Jump to Navigation

‘Evil May Day’: Re-examining the Race Riot of 1517

By Graham Noble | Published in History Review 2008 
Print this article   Email this article

Graham Noble separates fact from Tudor propaganda.

The First of May in Tudor England was a traditional public holiday, normally set aside for celebration and light-hearted revelry, but on that day in 1517 the City of London exploded into a destructive race riot that must have terrified peace-loving citizens almost as much as its intended victims. The scale of the event was unique in sixteenth-century London but its interest for us lies not only in what happened and why, but also in the reaction of the authorities. The way that news was managed and the subsequent story ‘spun’ shows that the Tudor establishment, and in particular the Lord Chancellor, Thomas Wolsey, was as aware as modern politicians of the need to cover up their mistakes and uphold their reputations.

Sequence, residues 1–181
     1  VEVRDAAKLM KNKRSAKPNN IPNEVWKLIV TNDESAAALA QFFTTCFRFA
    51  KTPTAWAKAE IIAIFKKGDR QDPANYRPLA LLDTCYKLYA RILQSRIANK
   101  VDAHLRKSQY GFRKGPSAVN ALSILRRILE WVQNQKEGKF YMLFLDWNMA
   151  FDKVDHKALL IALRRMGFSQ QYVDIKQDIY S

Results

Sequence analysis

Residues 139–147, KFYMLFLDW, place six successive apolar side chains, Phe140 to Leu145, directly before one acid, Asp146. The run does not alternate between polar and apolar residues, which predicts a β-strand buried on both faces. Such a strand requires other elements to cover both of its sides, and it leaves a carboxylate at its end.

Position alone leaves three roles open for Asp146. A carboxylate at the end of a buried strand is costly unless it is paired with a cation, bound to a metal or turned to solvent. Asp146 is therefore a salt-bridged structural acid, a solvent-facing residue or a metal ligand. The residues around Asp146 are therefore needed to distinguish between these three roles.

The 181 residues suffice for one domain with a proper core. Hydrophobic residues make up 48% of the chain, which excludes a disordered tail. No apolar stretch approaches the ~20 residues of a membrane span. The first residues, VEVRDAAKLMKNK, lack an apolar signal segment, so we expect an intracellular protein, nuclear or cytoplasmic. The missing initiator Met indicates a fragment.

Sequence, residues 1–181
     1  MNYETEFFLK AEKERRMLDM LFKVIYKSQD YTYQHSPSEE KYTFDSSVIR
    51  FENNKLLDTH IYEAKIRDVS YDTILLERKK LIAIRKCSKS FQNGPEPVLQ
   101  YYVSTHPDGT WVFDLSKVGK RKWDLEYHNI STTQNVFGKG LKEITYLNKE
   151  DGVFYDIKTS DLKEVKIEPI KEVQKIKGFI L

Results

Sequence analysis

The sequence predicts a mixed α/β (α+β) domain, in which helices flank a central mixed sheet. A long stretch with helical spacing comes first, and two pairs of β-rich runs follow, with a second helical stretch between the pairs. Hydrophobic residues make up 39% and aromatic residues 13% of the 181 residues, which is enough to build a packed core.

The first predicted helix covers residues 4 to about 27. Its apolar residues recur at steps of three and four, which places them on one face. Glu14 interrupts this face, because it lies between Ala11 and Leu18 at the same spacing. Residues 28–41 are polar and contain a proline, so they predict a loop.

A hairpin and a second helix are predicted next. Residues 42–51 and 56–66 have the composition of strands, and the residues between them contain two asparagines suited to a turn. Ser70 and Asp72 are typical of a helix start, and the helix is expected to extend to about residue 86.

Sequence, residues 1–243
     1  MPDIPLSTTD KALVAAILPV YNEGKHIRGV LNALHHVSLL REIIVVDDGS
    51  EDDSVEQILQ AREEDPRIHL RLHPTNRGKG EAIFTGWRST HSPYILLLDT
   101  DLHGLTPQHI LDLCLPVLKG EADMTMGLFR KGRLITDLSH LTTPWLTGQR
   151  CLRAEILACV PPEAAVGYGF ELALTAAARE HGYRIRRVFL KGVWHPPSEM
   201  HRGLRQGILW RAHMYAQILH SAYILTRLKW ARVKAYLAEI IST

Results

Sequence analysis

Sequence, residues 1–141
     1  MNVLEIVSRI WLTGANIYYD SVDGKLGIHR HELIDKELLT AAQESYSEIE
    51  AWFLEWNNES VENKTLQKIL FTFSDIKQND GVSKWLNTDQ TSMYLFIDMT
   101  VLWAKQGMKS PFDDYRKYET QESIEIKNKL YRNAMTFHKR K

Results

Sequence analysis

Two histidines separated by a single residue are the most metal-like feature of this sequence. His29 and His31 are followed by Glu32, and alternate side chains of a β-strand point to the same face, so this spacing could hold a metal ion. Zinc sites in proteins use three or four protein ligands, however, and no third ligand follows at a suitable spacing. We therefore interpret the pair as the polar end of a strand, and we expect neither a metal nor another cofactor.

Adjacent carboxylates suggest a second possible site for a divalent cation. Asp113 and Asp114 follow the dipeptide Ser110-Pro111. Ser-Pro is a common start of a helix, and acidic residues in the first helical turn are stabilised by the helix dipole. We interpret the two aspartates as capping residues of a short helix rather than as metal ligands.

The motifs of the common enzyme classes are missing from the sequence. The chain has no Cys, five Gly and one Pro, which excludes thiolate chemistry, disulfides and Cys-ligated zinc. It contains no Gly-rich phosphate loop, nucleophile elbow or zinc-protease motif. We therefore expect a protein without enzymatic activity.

This article is available to History Today online subscribers only. If you are a subscriber, please log in.

Please choose one of these options to access this article:

Call our Subscriptions department on +44 (0)20 3219 7813 for more information.

If you are logged in but still cannot access the article, please contact us

About Us | Contact Us | Advertising | Subscriptions | Newsletter | RSS Feeds | Ebooks | Podcast | Submitting an Article
Copyright 2012 History Today Ltd. All rights reserved.